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Les cellules General Electric/general Electric cartridges

 
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MessagePosté le: Mer 27 Jan - 08:09 (2010)    Sujet du message: Les cellules General Electric/general Electric cartridges Répondre en citant

Richard & al.,

I have started a new thread on the GE cartridges as, in my humble experience, they are an excellent choice for mono playback.

Richard a écrit:
You are both correct. I will explain.

GE used the term "Triple Play" to mean that the cartridge body was intended to play all three speeds.
There were nominally two groove sizes (although I sometimes question what the 45 rpm groove really was).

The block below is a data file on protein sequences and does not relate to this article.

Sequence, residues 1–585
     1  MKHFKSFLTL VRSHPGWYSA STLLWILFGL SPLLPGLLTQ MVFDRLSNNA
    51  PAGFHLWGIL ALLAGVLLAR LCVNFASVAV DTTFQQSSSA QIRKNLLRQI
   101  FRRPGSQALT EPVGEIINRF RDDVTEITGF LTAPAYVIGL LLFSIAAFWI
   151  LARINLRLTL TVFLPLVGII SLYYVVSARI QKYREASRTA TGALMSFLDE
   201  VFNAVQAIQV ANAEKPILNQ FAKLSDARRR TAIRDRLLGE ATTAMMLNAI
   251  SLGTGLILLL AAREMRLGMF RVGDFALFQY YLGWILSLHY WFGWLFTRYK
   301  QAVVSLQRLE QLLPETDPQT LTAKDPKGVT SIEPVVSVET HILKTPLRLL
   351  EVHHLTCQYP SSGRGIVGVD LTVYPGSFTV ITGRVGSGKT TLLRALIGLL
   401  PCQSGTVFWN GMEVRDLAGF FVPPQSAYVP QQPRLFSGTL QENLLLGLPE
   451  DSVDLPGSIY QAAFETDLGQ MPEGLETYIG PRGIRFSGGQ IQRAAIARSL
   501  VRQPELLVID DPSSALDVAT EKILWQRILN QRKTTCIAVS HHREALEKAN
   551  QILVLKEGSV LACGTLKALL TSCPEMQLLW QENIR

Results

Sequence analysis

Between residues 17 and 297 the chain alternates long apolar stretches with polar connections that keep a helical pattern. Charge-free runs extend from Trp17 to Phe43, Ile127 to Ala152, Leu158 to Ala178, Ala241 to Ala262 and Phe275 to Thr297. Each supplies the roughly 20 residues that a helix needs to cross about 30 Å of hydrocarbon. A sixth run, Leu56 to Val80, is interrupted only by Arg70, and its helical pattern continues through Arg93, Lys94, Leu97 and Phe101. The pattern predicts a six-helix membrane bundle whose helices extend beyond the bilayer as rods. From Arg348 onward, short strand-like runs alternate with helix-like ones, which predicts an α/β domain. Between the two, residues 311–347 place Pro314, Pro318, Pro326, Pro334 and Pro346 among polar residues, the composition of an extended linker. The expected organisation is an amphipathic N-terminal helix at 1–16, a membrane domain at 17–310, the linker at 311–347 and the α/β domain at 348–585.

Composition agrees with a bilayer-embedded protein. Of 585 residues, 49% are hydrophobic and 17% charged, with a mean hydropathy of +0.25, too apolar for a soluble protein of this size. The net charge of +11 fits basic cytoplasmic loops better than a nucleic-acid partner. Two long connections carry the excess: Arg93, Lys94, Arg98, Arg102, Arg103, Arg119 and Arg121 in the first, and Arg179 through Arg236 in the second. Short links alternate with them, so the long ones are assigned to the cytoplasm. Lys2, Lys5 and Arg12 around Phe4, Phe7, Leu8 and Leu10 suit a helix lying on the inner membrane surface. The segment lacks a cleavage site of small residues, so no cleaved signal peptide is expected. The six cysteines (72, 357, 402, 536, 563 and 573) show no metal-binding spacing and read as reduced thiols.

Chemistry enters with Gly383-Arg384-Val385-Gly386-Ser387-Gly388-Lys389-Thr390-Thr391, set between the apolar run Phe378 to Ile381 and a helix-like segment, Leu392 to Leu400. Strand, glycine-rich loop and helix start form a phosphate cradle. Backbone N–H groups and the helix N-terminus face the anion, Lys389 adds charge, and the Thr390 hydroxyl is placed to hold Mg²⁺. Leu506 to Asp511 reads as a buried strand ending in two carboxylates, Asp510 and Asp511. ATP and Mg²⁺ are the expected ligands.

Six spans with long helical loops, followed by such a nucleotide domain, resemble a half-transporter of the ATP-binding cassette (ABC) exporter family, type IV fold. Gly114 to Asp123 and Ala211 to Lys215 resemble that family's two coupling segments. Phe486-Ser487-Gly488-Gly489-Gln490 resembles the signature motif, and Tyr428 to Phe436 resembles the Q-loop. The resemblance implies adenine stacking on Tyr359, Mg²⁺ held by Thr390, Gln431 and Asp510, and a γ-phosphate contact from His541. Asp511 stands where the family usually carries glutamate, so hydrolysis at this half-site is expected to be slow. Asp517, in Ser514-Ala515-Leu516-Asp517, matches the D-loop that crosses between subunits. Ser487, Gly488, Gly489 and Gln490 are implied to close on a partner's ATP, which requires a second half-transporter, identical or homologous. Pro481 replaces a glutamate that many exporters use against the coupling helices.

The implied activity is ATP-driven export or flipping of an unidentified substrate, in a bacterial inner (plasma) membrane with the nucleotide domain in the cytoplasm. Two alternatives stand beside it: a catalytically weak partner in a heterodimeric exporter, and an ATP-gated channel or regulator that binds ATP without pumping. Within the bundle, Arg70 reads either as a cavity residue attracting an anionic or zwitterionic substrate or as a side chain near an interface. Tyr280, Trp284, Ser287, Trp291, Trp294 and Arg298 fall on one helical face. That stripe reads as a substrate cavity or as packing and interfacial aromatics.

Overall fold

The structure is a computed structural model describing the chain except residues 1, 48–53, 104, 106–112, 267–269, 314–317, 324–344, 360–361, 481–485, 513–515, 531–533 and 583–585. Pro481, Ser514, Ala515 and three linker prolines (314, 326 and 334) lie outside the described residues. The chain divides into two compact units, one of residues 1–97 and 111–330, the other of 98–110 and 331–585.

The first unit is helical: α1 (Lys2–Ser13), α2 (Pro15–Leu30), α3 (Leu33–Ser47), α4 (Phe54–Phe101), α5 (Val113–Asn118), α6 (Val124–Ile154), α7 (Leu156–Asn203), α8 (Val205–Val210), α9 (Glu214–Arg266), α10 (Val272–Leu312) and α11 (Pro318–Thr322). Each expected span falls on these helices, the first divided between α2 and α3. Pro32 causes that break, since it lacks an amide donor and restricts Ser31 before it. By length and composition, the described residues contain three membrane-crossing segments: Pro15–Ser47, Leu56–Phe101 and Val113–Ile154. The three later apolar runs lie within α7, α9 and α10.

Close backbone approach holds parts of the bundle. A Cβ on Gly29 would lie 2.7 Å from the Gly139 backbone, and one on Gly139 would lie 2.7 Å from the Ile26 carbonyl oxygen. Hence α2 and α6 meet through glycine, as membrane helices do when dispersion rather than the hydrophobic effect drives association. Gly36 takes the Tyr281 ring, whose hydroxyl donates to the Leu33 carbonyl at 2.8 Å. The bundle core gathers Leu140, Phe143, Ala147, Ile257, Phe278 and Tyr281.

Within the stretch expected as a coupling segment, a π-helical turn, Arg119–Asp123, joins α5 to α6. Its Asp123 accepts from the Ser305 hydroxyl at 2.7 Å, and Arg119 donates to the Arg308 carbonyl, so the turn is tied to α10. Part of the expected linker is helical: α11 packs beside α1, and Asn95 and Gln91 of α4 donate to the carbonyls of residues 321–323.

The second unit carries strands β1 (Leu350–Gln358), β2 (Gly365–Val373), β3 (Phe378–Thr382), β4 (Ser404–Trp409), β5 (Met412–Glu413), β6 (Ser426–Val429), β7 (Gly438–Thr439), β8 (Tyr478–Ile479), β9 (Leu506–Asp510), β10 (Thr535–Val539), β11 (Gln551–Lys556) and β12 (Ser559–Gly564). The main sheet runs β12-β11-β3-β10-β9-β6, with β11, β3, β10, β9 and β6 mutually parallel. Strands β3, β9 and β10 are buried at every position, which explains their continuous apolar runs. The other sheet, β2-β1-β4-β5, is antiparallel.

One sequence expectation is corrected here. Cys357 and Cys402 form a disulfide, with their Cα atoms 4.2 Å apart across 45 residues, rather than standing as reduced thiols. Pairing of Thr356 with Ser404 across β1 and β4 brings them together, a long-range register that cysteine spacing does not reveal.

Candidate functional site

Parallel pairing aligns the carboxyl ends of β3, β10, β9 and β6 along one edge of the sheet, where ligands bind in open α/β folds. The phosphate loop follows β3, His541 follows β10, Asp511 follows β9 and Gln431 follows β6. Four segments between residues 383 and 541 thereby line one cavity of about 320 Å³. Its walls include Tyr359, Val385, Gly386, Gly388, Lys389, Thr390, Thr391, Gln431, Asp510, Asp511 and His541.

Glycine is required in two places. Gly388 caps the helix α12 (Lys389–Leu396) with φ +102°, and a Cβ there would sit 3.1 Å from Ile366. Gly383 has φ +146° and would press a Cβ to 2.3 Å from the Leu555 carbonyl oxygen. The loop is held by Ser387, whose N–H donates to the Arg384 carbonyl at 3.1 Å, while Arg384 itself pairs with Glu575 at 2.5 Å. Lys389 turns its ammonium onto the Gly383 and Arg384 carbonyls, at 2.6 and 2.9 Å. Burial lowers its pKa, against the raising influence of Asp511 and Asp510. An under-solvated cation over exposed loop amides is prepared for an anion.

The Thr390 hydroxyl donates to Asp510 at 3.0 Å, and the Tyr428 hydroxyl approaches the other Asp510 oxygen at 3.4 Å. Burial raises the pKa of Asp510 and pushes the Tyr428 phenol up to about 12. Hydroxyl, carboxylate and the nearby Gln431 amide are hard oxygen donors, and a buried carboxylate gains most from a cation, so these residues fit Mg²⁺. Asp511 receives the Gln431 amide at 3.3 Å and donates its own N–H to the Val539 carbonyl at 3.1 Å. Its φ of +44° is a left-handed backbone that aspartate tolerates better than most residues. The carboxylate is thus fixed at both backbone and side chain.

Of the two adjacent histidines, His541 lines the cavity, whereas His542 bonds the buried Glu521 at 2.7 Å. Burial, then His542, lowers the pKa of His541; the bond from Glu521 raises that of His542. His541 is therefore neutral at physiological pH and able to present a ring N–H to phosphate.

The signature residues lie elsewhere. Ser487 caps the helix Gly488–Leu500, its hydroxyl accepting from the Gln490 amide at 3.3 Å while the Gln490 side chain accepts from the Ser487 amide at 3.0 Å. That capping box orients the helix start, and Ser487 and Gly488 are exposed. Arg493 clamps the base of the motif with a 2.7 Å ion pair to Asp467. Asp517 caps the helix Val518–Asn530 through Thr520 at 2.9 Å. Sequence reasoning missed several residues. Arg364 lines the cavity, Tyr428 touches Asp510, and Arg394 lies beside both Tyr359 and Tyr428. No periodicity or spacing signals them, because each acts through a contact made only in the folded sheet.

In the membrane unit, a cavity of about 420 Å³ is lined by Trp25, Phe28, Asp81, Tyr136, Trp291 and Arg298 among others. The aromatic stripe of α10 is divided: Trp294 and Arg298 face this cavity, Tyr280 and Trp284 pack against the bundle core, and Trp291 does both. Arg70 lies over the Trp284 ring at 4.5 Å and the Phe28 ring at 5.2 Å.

The seller lists a few different cartridge and stylus designations:
Code:

REPLACES:  GE RPJ-01S,   GE RPJ-01D,   GE RPJ-O7S,  GE RPJ-07D,  501-D1, 501-D7.
USED IN: GE RPX-040A,   GE RPX-041A,   GE RPX-050A,  GE RPX-053A,  GE RPX-061A,
GE RPX-063A AND ANY GE TRIPLE PLAY CARTRIDGE NOW USING THE CLIP-IN T-BAR ASSEMBLY.
.1 MIL DIAMOND TIP PLAYS  33 AND 45 RPM RECORDS. 


All the cartridges listed are exactly the same. GE originally sold the cartridges with different combinations of stylus sizes as well as different materials (diamond and sapphire). So, they appear to be different, but they are not. Three tip sizes were made: 1.0 mil for LPs, 3.0 for consumer 78s, and 2.5 for broadcast transcriptions. This third size was only for professional use. I doubt that I have any of this size among my GE needles.

To maintain my own sanity, I refer to all these cartridges as "RPX." You can freely mix and match needles in these cartridges with no problem.